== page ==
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The Great Lakes of North America are located in the east central portion of North America. They are composed of fresh water (although polluted). One-fifth of the world's surface freshwater can be found in the Great Lakes of North America. The Great Lakes drain into the Atlantic ocean via the St. Lawrence River. These Lakes are each connected by a series of rivers and channels that allow ocean-going vessels to come into the center of the continent. Goods can be shipped from Minnesota to Australia without ever leaving the ship. The Great Lakes along with the St. Lawrence River are referred to as the St. Lawrence Seaway.
The Great Lakes of North America are the most evident geographic feature left behind by the last glacier. In fact, it was only about 15,000 years ago that the glacier retreated and the Great Lakes started to form. They are basically puddles left behind by the glacier. As you know, when you stand on the shoreline of the Great Lakes, you cannot see the other side. They are very large puddles. Over their short life, the Lakes have undergone several fluctuations in size and shape-- they are not finished yet.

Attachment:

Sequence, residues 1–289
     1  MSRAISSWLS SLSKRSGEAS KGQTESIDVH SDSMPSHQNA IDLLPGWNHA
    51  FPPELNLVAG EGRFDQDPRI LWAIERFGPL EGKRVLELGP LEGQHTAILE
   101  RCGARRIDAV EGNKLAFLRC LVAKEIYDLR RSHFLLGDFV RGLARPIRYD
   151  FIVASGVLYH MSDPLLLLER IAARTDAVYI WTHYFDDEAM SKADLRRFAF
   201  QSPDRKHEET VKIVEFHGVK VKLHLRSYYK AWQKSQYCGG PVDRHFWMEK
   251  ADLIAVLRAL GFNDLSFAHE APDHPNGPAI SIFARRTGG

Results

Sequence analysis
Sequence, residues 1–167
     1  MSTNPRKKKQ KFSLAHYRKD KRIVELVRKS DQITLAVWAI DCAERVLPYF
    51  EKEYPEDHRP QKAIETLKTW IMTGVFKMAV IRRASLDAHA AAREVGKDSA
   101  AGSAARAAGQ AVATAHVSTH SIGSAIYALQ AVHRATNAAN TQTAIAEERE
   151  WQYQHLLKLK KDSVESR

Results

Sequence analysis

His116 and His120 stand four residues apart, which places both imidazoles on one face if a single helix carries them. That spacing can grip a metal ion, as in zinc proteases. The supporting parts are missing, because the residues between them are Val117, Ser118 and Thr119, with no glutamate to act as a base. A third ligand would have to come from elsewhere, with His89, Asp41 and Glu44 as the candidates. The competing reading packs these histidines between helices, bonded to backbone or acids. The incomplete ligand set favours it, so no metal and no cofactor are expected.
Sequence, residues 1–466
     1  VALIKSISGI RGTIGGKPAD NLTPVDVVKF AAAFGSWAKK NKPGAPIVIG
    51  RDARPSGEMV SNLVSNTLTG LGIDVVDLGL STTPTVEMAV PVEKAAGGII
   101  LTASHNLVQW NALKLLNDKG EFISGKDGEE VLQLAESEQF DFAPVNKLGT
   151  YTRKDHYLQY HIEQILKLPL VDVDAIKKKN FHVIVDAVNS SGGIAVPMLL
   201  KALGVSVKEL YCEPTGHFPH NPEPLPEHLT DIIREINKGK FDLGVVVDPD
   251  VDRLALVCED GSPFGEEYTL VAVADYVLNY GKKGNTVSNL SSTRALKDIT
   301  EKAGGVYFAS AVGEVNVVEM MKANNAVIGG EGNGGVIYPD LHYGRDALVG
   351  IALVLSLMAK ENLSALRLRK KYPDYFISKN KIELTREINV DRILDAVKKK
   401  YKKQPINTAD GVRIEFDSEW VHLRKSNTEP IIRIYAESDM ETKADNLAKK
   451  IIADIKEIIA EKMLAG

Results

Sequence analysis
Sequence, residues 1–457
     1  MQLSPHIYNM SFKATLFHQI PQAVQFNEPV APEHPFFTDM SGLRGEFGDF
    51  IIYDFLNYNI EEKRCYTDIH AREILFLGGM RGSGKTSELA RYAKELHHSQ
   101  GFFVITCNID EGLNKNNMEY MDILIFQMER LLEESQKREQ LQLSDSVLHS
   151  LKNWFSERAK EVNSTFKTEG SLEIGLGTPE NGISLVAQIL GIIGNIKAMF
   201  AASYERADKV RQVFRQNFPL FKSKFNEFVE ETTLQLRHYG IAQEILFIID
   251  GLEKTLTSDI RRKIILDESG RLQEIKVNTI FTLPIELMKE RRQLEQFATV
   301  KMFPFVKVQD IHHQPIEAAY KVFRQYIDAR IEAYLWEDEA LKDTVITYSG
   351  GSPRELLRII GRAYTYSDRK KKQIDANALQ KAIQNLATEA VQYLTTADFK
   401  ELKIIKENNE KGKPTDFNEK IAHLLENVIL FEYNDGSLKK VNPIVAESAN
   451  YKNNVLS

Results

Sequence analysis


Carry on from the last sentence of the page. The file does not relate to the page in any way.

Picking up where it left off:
H = Lake Huron
O = Lake Ontario
M = Lake Michigan
E = Lake Erie
S = Lake Superior
Port Huron is a control point for three of the Great Lakes. All of the water from Lake Superior, Lake Michigan and Lake Huron flows into the St. Clair River which begins at Port Huron. There is a canal in Chicago that connects Lake Michigan to the Mississippi River system, but the outflow is minimal compared to that of the St. Clair River. Lake Michigan and Lake Huron are essentially one lake (one elevation). As the bed of the St. Clair River erodes, water levels of Lake Huron and Lake Michigan drop. This is a very slow process and we would not be able to view this drop in a single lifetime. But it is just a reminder that the Great Lakes do fluctuate and they will continue to do so. Currently, we are experiencing low water levels in the Great Lakes. This has to do with the amount of precipitation over the last ten years or so-- we are behind.
For a look at the current levels of the Great lakes, click here (optional)
For those of you going into teaching, click here for a tremendous resource on the geography of the Great Lakes Region. (optional)
Other lakes in North America include Great Slave Lake, Great Bear Lake, Lake Winnipeg (all three are in Canada and are glacial in origin), Great Salt Lake and Lake Okeechobee (both in U.S.). None of these five lakes are accessible by ocean-going ships.
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